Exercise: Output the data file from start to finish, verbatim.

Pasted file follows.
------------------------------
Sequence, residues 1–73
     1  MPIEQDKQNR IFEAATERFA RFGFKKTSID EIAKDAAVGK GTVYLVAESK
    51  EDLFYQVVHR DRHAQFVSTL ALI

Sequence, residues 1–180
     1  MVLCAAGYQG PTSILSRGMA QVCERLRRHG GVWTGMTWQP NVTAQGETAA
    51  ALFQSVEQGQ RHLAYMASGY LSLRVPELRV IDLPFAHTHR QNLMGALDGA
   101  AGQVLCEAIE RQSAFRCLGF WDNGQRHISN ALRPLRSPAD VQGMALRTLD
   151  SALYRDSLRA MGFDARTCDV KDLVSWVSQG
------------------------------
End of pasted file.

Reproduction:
Sequence, residues 1–73
     1  MPIEQDKQNR IFEAATERFA RFGFKKTSID EIAKDAAVGK GTVYLVAESK
    51  EDLFYQVVHR DRHAQFVSTL ALI

Sequence, residues 1–180
     1  MVLCAAGYQG PTSILSRGMA QVCERLRRHG GVWTGMTWQP NVTAQGETAA
    51  ALFQSVEQGQ RHLAYMASGY LSLRVPELRV IDLPFAHTHR QNLMGALDGA
   101  AGQVLCEAIE RQSAFRCLGF WDNGQRHISN ALRPLRSPAD VQGMALRTLD
   151  SALYRDSLRA MGFDARTCDV KDLVSWVSQG